This story appears in the Winter 2016 issue of the Life.Giving.Breakthroughs. donor newsletter.
As the attorney and close confidant of the late Sidney R. Baer Jr., George Handran witnessed firsthand the hardships of Baer’s schizophrenia for more than 20 years.
“Mental illness is a big suffering,” Handran says. “I think about it in a different way because I had the opportunity to know this man—he changed my life.”
Despite Baer’s struggles, his brilliance and business savvy brought him great financial success, says Handran. In 1999, a few years before his death, Baer established the Sidney R. Baer, Jr. Foundation to fuel mental health programs and research to benefit others like him.
“We’re trying to relieve people of the difficulties and loneliness Sidney experienced and to ensure they get appropriate care,” says Handran, a co-trustee of the foundation.
In 2012, the Baer Foundation made its first three-year grant to the Behavioral Neurology/Neuropsychiatry Fellowship at Brigham and Women’s Hospital, followed by another recent commitment of $375,000 to support fellows and junior faculty in this area.
Handran says the foundation was drawn to BWH’s unique, nationally renowned approach to behavioral neurology and neuropsychiatry training, which integrates clinical care, research, education, and cross-disciplinary learning. While these fields are closely intertwined, they are rarely combined under one training program.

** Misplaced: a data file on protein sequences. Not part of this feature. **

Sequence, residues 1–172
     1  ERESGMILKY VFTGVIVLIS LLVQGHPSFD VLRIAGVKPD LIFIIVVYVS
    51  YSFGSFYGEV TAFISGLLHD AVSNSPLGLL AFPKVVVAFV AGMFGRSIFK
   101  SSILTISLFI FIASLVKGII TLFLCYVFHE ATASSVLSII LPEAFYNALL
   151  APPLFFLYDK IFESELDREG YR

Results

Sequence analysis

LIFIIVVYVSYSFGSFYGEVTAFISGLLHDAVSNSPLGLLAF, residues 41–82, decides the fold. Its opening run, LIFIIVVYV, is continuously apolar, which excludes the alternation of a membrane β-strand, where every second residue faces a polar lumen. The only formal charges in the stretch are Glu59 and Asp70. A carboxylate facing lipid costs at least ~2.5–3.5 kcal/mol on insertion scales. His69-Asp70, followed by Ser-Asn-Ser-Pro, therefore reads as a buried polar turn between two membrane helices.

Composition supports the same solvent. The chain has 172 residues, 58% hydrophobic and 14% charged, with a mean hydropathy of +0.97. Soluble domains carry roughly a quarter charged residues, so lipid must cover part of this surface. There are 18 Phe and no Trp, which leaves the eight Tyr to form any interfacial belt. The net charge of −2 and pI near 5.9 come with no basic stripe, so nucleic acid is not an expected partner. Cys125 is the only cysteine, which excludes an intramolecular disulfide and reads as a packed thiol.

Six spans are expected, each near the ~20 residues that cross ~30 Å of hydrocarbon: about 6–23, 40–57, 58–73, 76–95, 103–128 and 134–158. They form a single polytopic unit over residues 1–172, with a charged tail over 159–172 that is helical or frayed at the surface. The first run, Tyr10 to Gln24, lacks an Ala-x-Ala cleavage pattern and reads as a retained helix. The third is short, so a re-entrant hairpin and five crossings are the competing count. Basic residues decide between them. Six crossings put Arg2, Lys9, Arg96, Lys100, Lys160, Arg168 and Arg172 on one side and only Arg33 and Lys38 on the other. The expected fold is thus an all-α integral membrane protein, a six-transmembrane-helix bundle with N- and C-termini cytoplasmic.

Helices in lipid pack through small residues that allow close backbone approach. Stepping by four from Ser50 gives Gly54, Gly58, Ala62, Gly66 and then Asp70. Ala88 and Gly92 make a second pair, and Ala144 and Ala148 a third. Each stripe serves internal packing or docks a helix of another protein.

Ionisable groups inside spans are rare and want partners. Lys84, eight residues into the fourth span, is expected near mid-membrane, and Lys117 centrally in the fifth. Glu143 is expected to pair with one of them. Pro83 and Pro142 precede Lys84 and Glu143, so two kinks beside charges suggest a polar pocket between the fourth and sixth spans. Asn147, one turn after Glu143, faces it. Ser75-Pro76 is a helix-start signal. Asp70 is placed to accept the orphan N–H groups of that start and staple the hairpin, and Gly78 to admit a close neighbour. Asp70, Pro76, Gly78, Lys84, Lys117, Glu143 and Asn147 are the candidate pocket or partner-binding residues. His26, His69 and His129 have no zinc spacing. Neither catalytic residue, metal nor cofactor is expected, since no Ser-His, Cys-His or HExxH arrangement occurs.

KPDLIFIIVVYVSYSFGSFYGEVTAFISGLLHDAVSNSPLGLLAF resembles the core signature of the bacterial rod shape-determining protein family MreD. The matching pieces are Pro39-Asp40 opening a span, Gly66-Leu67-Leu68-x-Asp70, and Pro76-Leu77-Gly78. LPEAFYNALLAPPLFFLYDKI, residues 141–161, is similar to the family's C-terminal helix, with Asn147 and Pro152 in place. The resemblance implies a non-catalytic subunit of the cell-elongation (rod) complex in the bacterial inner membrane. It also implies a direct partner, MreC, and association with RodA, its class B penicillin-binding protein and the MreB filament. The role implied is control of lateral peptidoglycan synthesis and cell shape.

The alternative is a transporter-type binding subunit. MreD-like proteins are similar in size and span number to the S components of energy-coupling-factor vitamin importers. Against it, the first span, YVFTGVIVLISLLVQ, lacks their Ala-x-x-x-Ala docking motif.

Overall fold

“This fellowship program is essential,” he says. “It gives young doctors an understanding of how two important fields relate to each other so they can provide better care for patients with complex psychiatric illnesses.”
The new gift will continue the two-year fellowship program to welcome new trainees annually, and provide ongoing support to fellows who become BWH faculty. These junior faculty members will continue to learn from their BWH mentors and receive vital funding to help them conduct clinical research.
“Thanks to the foundation’s continued generosity, our trainees will receive critical educational and financial support at a particularly vulnerable time in their careers, as they journey from fellow to faculty,” says David Silbersweig, MD, chair of the Department of Psychiatry and co-director of BWH’s Institute for the Neurosciences. “Their work will ultimately help patients with debilitating brain diseases and mental illness at BWH and beyond.”